Please use this identifier to cite or link to this item: http://scholarbank.nus.edu.sg/handle/10635/79970
Title: Influence of osseointegration degree and pattern on resonance frequency in the assessment of dental implant stability using finite element analysis
Authors: Deng, B. 
Tan, K.B. 
Liu, G.R. 
Lu, Y.
Keywords: Finite element analysis
Implant stability
Osseointegration
Resonance frequency analysis
Issue Date: 2008
Citation: Deng, B.,Tan, K.B.,Liu, G.R.,Lu, Y. (2008). Influence of osseointegration degree and pattern on resonance frequency in the assessment of dental implant stability using finite element analysis. International Journal of Oral and Maxillofacial Implants 23 (6) : 1082-1088. ScholarBank@NUS Repository.
Abstract: Resonance frequency analysis (RFA) has been widely used to predict dental implant stability by assessing conditions surrounding the implant. The aim of this study was to investigate the influence of osseointegration degree and pattern on the resonance frequency of implant-bone structure by means of finite element analysis (FEA). Materials and Methods: A basic FEA model was created to represent a titanium implant in a portion of the maxillary bone at the left first premolar region. This model was then used to compute the vibration behaviors for 5 osseointegration degrees and 8 osseointegration pattern models using modal and harmonic analysis. Results: In the arbitrarily set osseointegration pattern models, a significant influence of osseointegration degree on the resonance frequency (P < .001) could be expressed as the linear function R2=0.99. No significant influence from the osseointegration pattern could be observed (P = .89). While the coronalosseointegration model had a slightly higher resonance frequency than others and the apical-osseointegration model had the lowest, the difference between the highest and lowest value was within 5% (P = .51). In the randomly set osseointegration models, the osseointegration degree had a statistically significant influence on the resonance frequency (P < .001); the pattern of random osseointegration for a certain osseointegration degree had little influence. Conclusion: It seems that RFA can detect implant-stability changes related to the increase in osseointegration degree. However, careful consideration should be given to its use in predicting the stability in vivo of loss of osseointegration at the marginal bone.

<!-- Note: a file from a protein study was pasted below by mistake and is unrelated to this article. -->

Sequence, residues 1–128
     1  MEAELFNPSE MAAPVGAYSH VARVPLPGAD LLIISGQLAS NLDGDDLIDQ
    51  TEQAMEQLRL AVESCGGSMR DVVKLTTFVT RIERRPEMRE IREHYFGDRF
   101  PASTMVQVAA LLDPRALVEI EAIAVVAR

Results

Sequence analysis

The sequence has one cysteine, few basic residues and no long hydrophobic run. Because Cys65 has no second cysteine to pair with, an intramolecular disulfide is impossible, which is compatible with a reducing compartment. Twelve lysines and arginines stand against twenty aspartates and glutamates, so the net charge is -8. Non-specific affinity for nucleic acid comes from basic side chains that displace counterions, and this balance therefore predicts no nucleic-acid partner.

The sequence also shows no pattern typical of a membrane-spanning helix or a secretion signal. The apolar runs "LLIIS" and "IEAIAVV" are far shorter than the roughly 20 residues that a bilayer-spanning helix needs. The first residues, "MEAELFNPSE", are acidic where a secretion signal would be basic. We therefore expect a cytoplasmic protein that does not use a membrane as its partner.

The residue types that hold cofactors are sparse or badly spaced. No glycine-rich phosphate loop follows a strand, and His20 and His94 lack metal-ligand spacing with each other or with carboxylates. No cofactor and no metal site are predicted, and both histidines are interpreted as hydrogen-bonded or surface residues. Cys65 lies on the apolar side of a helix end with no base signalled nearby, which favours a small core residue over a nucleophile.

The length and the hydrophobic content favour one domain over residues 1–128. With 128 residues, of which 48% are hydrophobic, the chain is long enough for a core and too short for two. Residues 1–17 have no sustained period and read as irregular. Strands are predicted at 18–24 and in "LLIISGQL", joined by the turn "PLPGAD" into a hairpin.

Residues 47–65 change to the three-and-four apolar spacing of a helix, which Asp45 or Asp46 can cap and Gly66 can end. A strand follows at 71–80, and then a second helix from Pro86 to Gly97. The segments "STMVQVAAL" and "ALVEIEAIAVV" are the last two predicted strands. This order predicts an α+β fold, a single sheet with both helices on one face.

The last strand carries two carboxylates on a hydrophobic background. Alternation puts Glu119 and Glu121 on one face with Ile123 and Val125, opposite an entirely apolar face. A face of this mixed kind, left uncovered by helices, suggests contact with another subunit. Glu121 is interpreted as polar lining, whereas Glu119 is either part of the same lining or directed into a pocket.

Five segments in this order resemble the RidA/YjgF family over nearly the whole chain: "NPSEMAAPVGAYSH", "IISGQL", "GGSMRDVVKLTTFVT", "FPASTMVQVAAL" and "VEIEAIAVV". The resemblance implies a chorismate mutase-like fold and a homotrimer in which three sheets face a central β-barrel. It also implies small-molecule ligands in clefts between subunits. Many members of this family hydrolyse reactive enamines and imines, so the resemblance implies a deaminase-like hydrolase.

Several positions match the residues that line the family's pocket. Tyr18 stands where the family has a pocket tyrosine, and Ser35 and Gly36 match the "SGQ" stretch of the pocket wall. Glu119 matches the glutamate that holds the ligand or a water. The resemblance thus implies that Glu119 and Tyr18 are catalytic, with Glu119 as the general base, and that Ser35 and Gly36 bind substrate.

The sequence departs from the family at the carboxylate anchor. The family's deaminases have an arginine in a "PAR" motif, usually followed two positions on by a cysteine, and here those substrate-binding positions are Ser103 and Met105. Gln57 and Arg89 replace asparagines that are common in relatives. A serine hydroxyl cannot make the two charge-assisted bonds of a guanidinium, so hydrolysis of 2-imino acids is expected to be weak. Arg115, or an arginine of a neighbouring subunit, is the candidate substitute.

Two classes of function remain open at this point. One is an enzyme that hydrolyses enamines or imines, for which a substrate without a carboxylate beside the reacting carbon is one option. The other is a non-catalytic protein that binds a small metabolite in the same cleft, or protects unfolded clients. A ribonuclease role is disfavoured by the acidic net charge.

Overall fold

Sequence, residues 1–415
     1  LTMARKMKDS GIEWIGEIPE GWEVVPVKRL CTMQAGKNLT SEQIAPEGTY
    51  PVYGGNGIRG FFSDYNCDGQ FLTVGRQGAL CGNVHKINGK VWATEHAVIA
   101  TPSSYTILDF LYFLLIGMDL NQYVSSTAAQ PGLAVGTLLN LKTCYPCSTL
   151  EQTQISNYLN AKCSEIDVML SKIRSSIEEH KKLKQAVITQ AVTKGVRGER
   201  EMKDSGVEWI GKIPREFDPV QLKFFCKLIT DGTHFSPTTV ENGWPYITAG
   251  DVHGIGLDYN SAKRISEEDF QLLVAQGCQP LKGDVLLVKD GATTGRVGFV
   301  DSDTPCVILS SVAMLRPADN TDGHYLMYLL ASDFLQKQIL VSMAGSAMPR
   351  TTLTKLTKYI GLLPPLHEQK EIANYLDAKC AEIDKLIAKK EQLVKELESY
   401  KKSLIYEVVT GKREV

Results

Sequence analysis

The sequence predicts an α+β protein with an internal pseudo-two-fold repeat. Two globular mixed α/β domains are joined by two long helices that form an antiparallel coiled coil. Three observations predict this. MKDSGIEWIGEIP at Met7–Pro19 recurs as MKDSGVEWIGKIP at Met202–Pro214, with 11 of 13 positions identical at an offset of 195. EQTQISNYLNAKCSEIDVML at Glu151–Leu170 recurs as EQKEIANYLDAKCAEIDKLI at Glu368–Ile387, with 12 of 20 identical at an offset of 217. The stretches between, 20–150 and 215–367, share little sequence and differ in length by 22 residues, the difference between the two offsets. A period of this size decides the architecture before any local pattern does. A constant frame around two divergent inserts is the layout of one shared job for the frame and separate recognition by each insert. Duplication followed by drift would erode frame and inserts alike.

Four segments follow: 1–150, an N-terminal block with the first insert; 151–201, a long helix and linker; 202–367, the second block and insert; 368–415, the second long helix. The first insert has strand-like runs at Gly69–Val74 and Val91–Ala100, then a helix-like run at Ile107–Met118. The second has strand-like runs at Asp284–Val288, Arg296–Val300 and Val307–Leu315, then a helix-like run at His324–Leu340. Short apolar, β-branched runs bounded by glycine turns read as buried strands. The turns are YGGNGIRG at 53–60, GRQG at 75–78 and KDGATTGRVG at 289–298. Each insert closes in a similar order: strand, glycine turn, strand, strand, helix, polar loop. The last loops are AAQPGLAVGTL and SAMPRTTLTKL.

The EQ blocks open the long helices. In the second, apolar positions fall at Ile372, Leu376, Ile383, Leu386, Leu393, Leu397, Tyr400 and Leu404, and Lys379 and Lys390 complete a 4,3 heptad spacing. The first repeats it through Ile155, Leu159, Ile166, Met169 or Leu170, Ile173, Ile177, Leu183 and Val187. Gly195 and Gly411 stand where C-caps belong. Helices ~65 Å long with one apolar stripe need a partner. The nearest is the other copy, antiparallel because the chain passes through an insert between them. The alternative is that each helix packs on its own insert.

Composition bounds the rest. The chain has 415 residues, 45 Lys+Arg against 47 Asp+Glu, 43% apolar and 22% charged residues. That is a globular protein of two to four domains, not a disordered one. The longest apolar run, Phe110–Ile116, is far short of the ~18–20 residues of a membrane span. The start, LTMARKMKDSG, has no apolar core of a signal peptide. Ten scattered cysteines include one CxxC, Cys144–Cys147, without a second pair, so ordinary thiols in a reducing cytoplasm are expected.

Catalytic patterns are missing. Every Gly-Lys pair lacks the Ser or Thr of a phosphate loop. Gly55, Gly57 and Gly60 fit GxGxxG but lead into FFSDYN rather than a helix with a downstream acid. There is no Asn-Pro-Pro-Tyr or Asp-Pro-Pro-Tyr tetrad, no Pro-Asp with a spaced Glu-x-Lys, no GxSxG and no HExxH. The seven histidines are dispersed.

Source Title: International Journal of Oral and Maxillofacial Implants
URI: http://scholarbank.nus.edu.sg/handle/10635/79970
ISSN: 08822786
Appears in Collections:Staff Publications

Show full item record
Files in This Item:
There are no files associated with this item.

Page view(s)

52
checked on Nov 23, 2018

Google ScholarTM

Check


Items in DSpace are protected by copyright, with all rights reserved, unless otherwise indicated.